As good as your PC or laptop might be, you can make it even better with accessories. A wireless keyboard, a touch-enabled mouse or a set of powerful external speakers will improve your experience without having to upgrade the computer itself. And few companies can match Logitech when it comes to computer accessories —in quality, design or sheer selection of products. I recently had the opportunity to try out a trio of Logitech’s latest: the Logitech Ultrathin Touch Mouse, TK 820 Wireless Keyboard and Z600 Bluetooth speakers. Here’s what I thought of them.

There’s a lot to like about portable computers, but Google and its hardware partners like Samsung, Acer and HP found a way to offer a light weight, lower cost alternative to the traditional Windows laptop. Chromebooks are a hot category of portable computers that run Google’s Chrome OS instead of Windows or OSX. With Chrome’s lower hardware requirements and the ability to leverage Google’s cloud services, a Chromebook can offer a full-featured PC experience in a device that’s lighter and less expensive than traditional PCs, without the limitations of netbooks. They may not be ideal for everyone, but Chromebooks are designed to cover many scenarios and are particularly useful for students, road warriors, small business and those looking for light duty home PC.  

Wireless routers are the unsung heroes of the home Wi-Fi experience. We tend to buy them, set them up, then forget about them. Yet the performance of that network isn’t just a matter of the speed you get from your ISP, it has everything to do with that wireless router. If you haven’t updated yours in a few years or you’re lucky enough to have devices using the new 802.11ac Wi-Fi spec, it may be time for an upgrade. And the Linksys AC1900 Smart Wi-Fi wireless router would be a solid choice. After replacing my own wireless router with the Linksys for a week, I came away impressed with its performance and network management tools —and I don’t even have anything that takes advantage of its 802.11ac capabilities.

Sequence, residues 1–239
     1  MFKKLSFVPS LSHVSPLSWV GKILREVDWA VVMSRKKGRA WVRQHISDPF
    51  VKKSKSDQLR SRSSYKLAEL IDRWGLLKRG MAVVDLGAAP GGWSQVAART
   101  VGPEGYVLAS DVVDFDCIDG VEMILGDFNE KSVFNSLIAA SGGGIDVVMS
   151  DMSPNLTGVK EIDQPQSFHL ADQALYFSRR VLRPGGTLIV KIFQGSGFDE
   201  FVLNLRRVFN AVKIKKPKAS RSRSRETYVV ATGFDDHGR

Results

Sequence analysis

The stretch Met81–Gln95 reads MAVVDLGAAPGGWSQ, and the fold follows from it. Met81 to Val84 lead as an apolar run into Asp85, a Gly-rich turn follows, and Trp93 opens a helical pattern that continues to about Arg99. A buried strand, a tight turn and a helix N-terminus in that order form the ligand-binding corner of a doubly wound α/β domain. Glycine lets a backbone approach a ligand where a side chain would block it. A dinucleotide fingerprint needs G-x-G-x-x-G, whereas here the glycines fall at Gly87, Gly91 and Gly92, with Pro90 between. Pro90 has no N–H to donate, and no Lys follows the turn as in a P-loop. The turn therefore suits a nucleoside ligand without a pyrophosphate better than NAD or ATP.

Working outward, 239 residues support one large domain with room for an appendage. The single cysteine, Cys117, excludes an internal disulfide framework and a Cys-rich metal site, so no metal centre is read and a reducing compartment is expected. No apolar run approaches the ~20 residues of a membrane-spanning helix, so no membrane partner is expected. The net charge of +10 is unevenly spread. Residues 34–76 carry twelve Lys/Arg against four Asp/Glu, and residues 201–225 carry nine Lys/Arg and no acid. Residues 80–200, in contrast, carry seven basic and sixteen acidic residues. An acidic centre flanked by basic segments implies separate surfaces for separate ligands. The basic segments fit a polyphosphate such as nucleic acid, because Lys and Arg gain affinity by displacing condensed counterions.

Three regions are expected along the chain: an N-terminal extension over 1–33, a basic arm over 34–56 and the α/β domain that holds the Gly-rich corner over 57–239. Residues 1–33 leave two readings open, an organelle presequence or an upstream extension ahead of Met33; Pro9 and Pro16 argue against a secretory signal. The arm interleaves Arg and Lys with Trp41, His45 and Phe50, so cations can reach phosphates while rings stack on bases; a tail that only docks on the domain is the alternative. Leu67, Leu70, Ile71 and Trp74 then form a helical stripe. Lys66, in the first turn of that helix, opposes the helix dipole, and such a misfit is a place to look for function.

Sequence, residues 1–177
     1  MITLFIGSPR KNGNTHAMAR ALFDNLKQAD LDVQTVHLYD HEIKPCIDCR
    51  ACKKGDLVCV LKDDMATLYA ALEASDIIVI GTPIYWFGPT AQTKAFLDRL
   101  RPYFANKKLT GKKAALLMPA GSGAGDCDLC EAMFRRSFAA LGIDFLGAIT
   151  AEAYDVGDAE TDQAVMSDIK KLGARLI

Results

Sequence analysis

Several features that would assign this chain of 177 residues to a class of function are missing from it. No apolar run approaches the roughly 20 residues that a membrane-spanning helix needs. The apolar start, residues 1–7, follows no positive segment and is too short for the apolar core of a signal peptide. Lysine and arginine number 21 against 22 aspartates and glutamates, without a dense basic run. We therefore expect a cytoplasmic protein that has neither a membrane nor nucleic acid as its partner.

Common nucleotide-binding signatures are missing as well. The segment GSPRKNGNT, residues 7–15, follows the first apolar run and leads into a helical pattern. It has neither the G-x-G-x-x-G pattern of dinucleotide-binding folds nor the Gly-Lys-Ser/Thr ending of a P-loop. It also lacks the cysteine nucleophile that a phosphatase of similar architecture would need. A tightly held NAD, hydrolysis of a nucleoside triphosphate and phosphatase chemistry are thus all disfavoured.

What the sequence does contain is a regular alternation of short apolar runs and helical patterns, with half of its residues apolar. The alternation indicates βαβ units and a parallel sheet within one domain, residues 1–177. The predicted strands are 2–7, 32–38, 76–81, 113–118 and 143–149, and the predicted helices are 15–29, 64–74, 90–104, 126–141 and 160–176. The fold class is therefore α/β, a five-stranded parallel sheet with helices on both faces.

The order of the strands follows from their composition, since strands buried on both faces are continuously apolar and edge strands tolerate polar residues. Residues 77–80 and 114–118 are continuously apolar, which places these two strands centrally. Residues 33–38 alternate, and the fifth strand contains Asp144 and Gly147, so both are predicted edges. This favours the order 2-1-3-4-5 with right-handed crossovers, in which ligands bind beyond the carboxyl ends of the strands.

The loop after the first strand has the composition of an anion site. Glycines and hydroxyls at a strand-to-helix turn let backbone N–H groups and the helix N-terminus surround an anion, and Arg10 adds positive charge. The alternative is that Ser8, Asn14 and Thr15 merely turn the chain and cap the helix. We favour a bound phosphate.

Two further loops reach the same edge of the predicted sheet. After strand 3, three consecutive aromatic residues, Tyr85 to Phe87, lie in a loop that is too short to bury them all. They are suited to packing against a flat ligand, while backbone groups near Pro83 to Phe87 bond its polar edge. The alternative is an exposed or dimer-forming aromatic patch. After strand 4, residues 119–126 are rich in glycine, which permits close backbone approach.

When it comes to cars, a convertible is one with a roof that protects occupants from the weather while offering a top-free ride in the summer sunshine. When it comes to PCs, convertible laptops mean something a little different. These are PCs that combine the best of two different experiences —the laptop and the tablet— in a single device. And like a convertible (the car), a convertible laptop accomplishes this trick through some clever hardware design. Convertible laptops aren’t for everyone, but if you’re a fan of mobile computing and you’d love to have a tablet along for the ride without the extra weight (and expense); or if you wish your tablet had a keyboard and trackpad, a convertible laptop may be the ideal device for you.  

One of the cool things about PCs is that nothing ever stands still. Whether it’s new video games that redefine immersion, or the ability to edit photos at full resolution with a 4K monitor, progress often means pushing the limits of a video card. If you’ve hit a wall when it comes to your computer’s graphics capabilities, or maybe you made a New Year’s resolution to upgrade your PC so you can use that big 4K monitor to full advantage, the good news is this doesn’t need to mean shelling out for an all new system. Chances are you can get back to enjoying the best PC technology has to offer by simply upgrading your video card.  

Many of us have more data than we know what to do with. Digital photos, digital movies, MP3s and old school stuff like documents and spreadsheets can start to take up a lot of space on your PC. On your smartphone or tablet, it’s even worse —a lot of those photos get snapped on a smartphone and with limited storage, it doesn’t take long to fill them up. Cloud storage is always an option, but then you’re at the mercy of the provider and there may be charges associated with the service. Western Digital offers a compelling alternative —a “personal cloud”— with its My Cloud series of network hard drives. I tested a 3TB My Cloud drive and came away convinced that this is the best thing to happen to hard drives since USB.  

Sony’s Vaio series of PC laptops has always won points for style and design and the company has become a leader in producing Windows 8 hybrid machines —portables that combine Windows 8 PC and tablet capabilities. I’ve spent the past week trying out Sony’s latest take on the hybrid form factor. After putting it through its paces, I can assure you that the Vaio Fit 15A is one of the most useful variations yet on the tablet/notebook convertible hybrid, a real looker (especially in the black finish of the test unit) and an able performer. It’s held back a little by a few details —a loud and persistent fan, so-so keyboard, and not so stellar battery life among them— but offers a solid portable computer experience, along with tablet capability, in a single package that just happens to look pretty smashing.  

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